• Increasing camelina seeding efficiency. Both direct drilling and broadcasting were successful methods for camelina stand establishment. From an economic standpoint, we recommend that growers use the broadcast planting method as broadcast applicators more than 60-ft wide are readily available to rent from local chemical dealers that easily allow planting of 400 acres per day. Conversely, grain drills are not as wide, more expensive to rent or own, generally need to operated at a slower speed, and thus can cover only a fraction of the acres of broadcast machines during a given time period.
  • Managing camelina residue in rotation. Growers need to be mindful that camelina produces relatively little residue.  With heavy tillage, soil erosion may be a problem during or after camelina production. To reduce the potential for soil erosion, we recommend that (i) camelina be planted directly into the standing and undisturbed stubble of the previous crop (i.e., no tillage), and (ii) limited or no tillage be conducted after camelina seed harvest and before planting the subsequent crop. This is especially important if a long fallow cycle is scheduled in the rotation after camelina seed harvest.
  • Increase seed size to increase yield potential. Establishment of camelina and canola can be difficult in both deep-furrow planting and direct seed systems due primarily to the small seed size. Research has identified a unique mutation of plant-specific genes that result in increased seed size in camelina and a 30% increase in hypocotyl length, resulting in taller seedlings with no negative impact on adult plant size. With larger seed size and taller seedlings, stand establishment can be improved, and seed loss from combine reduced, resulting in increased yield potential.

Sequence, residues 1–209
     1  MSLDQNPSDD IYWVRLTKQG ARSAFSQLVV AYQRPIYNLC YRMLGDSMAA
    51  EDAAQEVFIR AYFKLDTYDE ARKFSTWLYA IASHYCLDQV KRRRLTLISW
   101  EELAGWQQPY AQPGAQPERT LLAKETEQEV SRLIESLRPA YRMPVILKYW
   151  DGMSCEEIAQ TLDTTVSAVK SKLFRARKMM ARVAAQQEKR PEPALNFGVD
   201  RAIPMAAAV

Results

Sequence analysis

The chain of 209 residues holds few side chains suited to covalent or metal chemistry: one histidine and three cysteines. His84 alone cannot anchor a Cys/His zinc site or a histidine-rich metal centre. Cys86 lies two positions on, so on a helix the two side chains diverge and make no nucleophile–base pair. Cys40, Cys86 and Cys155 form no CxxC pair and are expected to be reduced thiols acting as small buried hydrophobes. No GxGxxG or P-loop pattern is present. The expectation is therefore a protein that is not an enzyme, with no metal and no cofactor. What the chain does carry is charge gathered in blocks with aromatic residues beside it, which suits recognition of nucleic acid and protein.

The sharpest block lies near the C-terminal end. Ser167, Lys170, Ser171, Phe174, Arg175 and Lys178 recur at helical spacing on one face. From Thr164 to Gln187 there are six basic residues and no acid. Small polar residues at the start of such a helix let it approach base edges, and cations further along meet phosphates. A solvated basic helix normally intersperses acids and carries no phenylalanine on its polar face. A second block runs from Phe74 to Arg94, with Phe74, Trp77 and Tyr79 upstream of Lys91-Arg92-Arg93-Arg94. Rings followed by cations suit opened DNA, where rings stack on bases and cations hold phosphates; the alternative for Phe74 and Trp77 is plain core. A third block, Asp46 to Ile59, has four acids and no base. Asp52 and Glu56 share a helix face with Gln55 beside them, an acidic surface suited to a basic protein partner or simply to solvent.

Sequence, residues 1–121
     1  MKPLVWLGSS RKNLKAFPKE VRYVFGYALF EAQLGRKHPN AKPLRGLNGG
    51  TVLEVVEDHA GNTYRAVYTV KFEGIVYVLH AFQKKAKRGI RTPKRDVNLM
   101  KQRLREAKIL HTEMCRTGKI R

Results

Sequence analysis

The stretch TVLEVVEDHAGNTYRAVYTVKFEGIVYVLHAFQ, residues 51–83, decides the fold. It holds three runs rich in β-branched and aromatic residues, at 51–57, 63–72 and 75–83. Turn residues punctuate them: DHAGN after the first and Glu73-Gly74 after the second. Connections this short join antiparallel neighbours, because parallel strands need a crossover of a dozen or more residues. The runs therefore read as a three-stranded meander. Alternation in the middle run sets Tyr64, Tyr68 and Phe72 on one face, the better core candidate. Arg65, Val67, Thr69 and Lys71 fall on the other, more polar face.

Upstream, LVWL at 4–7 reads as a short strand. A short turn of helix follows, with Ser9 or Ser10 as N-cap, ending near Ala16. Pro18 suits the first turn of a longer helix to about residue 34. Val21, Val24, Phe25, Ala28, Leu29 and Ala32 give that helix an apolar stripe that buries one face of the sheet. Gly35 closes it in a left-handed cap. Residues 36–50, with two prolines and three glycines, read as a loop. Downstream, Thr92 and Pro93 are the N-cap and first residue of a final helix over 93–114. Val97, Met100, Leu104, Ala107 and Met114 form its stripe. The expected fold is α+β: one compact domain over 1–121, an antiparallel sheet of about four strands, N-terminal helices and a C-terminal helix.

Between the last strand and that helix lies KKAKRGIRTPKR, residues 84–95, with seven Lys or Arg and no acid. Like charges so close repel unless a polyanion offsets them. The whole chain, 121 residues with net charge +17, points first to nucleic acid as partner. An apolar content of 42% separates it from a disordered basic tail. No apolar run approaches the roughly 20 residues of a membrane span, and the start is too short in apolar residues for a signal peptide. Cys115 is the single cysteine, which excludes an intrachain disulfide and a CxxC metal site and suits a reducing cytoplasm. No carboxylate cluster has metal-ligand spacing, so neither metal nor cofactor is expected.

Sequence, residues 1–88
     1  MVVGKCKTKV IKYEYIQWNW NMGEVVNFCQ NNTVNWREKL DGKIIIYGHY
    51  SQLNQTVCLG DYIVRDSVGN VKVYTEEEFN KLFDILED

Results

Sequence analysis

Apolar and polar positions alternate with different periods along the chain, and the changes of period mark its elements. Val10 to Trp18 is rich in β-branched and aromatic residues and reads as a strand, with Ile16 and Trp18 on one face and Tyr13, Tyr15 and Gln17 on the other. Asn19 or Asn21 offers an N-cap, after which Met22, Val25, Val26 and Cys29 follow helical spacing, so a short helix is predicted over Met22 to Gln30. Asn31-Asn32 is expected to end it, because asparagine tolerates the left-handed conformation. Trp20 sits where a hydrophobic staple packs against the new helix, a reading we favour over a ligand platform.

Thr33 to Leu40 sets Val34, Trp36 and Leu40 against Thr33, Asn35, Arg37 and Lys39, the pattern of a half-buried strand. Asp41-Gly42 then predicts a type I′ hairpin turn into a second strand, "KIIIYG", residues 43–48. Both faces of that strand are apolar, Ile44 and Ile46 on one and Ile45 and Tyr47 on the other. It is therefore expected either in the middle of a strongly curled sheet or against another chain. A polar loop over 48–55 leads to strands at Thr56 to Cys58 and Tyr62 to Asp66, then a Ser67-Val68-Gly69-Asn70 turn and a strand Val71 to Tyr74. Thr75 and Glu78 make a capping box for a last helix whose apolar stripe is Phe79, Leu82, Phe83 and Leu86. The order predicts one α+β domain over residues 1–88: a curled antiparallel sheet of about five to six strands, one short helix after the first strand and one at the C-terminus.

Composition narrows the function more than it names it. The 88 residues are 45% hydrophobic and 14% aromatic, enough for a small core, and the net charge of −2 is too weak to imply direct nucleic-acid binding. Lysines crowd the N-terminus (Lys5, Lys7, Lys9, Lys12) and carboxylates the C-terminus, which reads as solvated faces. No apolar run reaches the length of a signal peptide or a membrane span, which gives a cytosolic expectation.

• Identifying pathogens:  Twenty canola cultivars tested in 2011 for resistance to Rhizoctonia were killed when exposed to AG2-1 (Rhizoctonia solani). One cultivar showed tolerance to damping-off from R. solani AG 8, AG 10 and the binucleate Rhizoctonia, while two genotypes exhibited high level of tolerance to R. solani AG 10. Camelina plants infected with downy mildew resulted from infested seed, indicating that the disease is seed transmitted. Primers were developed that could detect the pathogen, which will be useful in seed certification and testing. However, the primers may also cross-react with H. parasitica, downy mildew of Brassicas. We are also not sure of the relationship between downy mildew on camelina and canola – can they cross infect? Greenbridge control appears to be the best strategy in minimizing damage from pathogens in canola, and producers should use certified or tested seed to reduce the chance of downy mildew in camelina. Seed treatment with mefanoxam may control the disease.
  • Dryland safflower in rotation. Safflower was successfully established for the second time in a large scale, on-farm dryland cropping systems experiment near Ritzville. The 2011 crop yielded 1090 lbs/acre, and rotation benefits compared to other three-year crop rotation treatments will be available after the 2012 crop year.

Region 3: Irrigated Central Washington                                                                                                                      

  • Safflower shows promise. Irrigated safflower yields averaged 2770 lb/acre, and yields were significantly higher with 100 lb N/acre than 145 lb N/acre. Yields averaged over the four years of the study were not significantly different between 90 and 70% ET, suggesting a potential 4.7-7.5” water savings using a deficit irrigation strategy. Similarly, oil yield was higher under deficit irrigation, a reflection of higher yields and greater water use efficiency.